Showing posts from July, 2018

Mount Vernon, Iowa - America's Coolest Small Town

A midwestern oasis Upon arriving at Mount Vernon, Iowa, numerous banners proclaim it as being America’s Coolest Small Town and after spending a few days there, I’m inclined to believe it. Artist Grant Wood immortalized the region through his landscape paintings and American Gothic , his most famous work, has been reproduced on a barn just outside of town. One of my favorite places is a small nature park that is just bursting with wildflowers and outstretched trees that are a shady refuge from the sweltering heat. The most striking element is the profusion of sunlit tiger lillies that contrast so sharply with the dark-green forest. Along the edge of Mount Vernon, the Cedar River sloughs patiently through ripe cornfields and the billowy, green hills. Despite its peaceful personality, the Cedar has a swift current so beware as it could definitely sweep an unsuspecting swimmer a long ways downstream. The centerpiece of this midwestern oasis is a small pond where the reflections

Cedar Bend Park - A Midwestern Swampland

Cedar River Bend Just outside of Waverly, Iowa, a muddy trail descends into a dark passageway that whisks you to a bend in the Cedar River. A winding, wooden boardwalk emerges from the dense cover and expels the foreigner onto a sand dune beach. The wide waterway snakes it’s way through the midwestern swampland while moving at a fairly fast clip. Connecting separate segments of the jungle trek, lofty bridges are built into the steep, broken hillside. The damp woodland is overgrown with plants and teeming with reptiles and bird life but the occasional snag is spot-lit by the filtered light. The finish line is decorated with a bouquet of blue wildflowers that so eloquently bid the visitor a fond farewell. A dark passageway A wooden boardwalk A wide waterway Lofty bridges A dead tree snag A bouquet of wildflowers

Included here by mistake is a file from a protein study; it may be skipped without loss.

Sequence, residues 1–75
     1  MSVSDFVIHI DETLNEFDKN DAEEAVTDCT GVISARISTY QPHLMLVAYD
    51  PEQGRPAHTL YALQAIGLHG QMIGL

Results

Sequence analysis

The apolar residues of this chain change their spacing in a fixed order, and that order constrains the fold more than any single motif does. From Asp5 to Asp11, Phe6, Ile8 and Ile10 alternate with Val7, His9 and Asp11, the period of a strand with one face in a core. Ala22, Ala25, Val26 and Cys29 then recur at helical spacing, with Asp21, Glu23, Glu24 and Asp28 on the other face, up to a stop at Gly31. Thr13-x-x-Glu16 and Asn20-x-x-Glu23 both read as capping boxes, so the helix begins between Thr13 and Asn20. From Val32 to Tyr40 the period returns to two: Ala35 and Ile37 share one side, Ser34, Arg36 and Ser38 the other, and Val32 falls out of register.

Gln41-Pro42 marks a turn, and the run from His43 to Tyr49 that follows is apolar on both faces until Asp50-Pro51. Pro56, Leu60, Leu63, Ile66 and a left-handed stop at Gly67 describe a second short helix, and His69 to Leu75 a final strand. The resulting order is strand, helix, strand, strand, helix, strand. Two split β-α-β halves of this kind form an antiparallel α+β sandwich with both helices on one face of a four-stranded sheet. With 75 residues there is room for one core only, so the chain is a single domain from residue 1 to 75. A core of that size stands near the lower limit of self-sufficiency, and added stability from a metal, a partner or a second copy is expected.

Beaver Brook Reservoir - A Dark Inkwell

Beaver Brook Reservoir Along the trail to Beaver Brook and a grove of aspen is awash in golden ambiance while wavering in a warm, summer breeze. The sun is just beginning to set so the pine trees are backlit, making for a strange silhouette. Glowing mountains brood over the water’s edge where tall grasses flicker in the fading light. Around the bend it’s blue hour and a rocky, forest outcrop is dipped precariously into the dark inkwell. The Beaver Brook Watershed is a rugged ravine that has carved its niche into this remote wilderness. At the eastern edge during an unceremonious exit, the evening’s last light floods a soggy bog of orange woodland. Awash in golden ambiance Pine trees are backlit Tall grasses flicker A forest outcrop Rugged ravine Orange woodland

Courthouse and Jail Rocks - Offering Inspiration

Courthouse and Jail Rocks “We came in sight early this morning of the "Courthouse," a hill, or immense mound, which strongly resembles such a building, with wings; it rests imposingly on a bluff; the sides are near a cream color, with apparently, a black roof.” ~ Phillip St. George Cooke (1845) Composed of Brule clay, Gering sandstone and ash, Courthouse and Jail Rocks are erosional remnants of an ancient plateau. They were formed by intense volcanic activity that happened thousands of years ago. The Rocks are located just south of Bridgeport, in the Nebraska panhandle, at the eastern terminus of the Wildcat Hills. The impressive landmark ascends 400 feet above the nearby North Platte River Valley. They’re an enduring symbol of the pioneer spirit, hope and home. During Westward Expansion, they were a famous benchmark as the Pony Express, Oregon, California and Mormon trails all passed by the geographic marvels. The formation was first noted by Robert Stuart, in 1